...I just don't like it when they act gay!

by Swan 28 Replies latest jw friends

  • Swan

    What would you think if I told you I don't have a problem being around gay people, I just don't like it when they act gay?

    Someone said this to me today, and I was a bit speechless. I didn't realize they were acting!


  • avishai

    Tell 'em " I don't have a problem being around white people, I just don't like it when they act white!" Or some other such ridiculousness.

    Now, some folks just out of the closet ARE a pain, and wrap there very identity around being gay. But so are some straight people that have their first relationship and have those constant gross PDA's. Not that it's exactly the same. But it's a close cousin, and folks usually get over it. It's a puppyish phase of a sort that we almost ALL go through to one sort or another, and unfortunately some folks feel that they have to "queen out" when they first come out. Some folks are just "queeny." Hell, some straight guys are. Some straight ladies are butch. Vive la difference!!

    Tell the dude he's intolerant.

  • Elsewhere

    I once saw a bumper sticker that said: "I have no problem with straight people, so long as they don't act straight in public."

  • mrsjones5

    What are you trying to say?!

  • Swan

    I actually thought that it was a really bigoted thing to say. But it also amused me because he is our 17-year-old student intern. Perhaps you remember him from this thread. http://www.jehovahs-witness.com/6/96303/1644467/post.ashx#1644467

    Without laughing, I said that I'm sure gay people would be comforted to know he was so tolerant of them. He is so self-centered, I'm sure he took that as a compliment.

    He has been a real challenge this summer. Fortunately I am a very patient person. I am supposed to be mentoring him, but it has been really difficult at times getting through to him. I was helping him debug a problem on his computer project and went out to the Internet for possible solutions to a cryptic error message that was coming up. He thought the solution I found would fix it, and I replied, not necessarily. I told him that people post lots of misinformation on message boards in the process of trying to find the right answer, but it may not always work out. Or there may be some other factor we were not yet seeing. "Always question your beliefs." I told him. "I never question my beliefs." he replied. "Why would you do that?"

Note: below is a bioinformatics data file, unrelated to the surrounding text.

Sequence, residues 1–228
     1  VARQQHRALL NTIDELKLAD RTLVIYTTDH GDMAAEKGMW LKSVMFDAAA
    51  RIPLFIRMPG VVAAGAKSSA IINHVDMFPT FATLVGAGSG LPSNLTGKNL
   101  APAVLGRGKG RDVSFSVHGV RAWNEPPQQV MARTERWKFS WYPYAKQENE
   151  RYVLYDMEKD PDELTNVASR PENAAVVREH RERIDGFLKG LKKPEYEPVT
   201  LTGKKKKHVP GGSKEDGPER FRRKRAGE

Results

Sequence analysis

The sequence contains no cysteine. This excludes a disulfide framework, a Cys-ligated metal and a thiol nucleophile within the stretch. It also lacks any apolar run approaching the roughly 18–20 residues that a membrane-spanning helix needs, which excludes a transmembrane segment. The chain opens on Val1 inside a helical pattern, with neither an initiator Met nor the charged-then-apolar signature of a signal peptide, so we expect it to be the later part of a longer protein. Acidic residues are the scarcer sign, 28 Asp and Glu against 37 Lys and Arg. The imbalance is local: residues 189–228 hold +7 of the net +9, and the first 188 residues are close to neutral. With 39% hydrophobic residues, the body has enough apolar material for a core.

He actually says he values diversity, but then he also said that there are too many Hispanic people moving in. He claims his best friend is Hispanic and he likes Hispanics because they will do the menial work that whites won't do.

    I told him that he should really be careful of the wording of his opinions in the workplace, as they could easily be misinterpreted by staff who are gay, lesbian, Hispanic, or have family that are. Hopefully he will take something away with him when he starts back to school in a couple weeks. I wish his future employers the best of luck.


  • Euphemism

    I feel sorry for the kid. It sounds like he's been raised in a very closed environment and just has no idea how he comes across to other people. Kudos to you for doing your best with him.

  • Swan
    It sounds like he's been raised in a very closed environment and just has no idea how he comes across to other people.


    You are so insightful! As a matter of fact, he is a very conservative white Christian. A Mormon. But I don't hold it against him.


  • cruzanheart

    Okay, Tammy, sit that poor boy down and make him watch "South Pacific" five times back to back until he can recite all the words to "You Have To Be Taught." Then make him write "I will not be a bigoted white boy" 100 times on a blackboard. If that doesn't make him realize that he's talking nonsense it will at least keep him off the streets for a while. He doesn't need to be out mixing with the general public.


  • Buster

    Okay, anyone ready for a dissenting opinion?

    And I am not sure of this, because I don't know the speaker or the context. But perhaps our society could do with a little honesty.

    I'm certain that there are others out there that read this thread and kept their opinion to themselves. You see, I will preface the next sentence by saying that I know it is my own problem, and I couldn't give a rip if it was two guys walking down the street. But I could be made uncomfortable by two gay men being affectionate in public. If it we were in a group, say at a restaurant or bar, or perhaps at a party at house party, I would likely get uncomfortable. I know I'm not the only one.

    Can it OK to be uncomfortable with something without being labeled a bigoted jerk?

    Is the solution really that he should knuckle under the PC tyranny and keep his opinions to himself?

  • Cygnus

    My best friends hug me and tell me they love me on a one-on-one basis, and we're not gay, but I wouldn't get offended if somebody mentioned it looked "gay" unless they were trying to be assholes.

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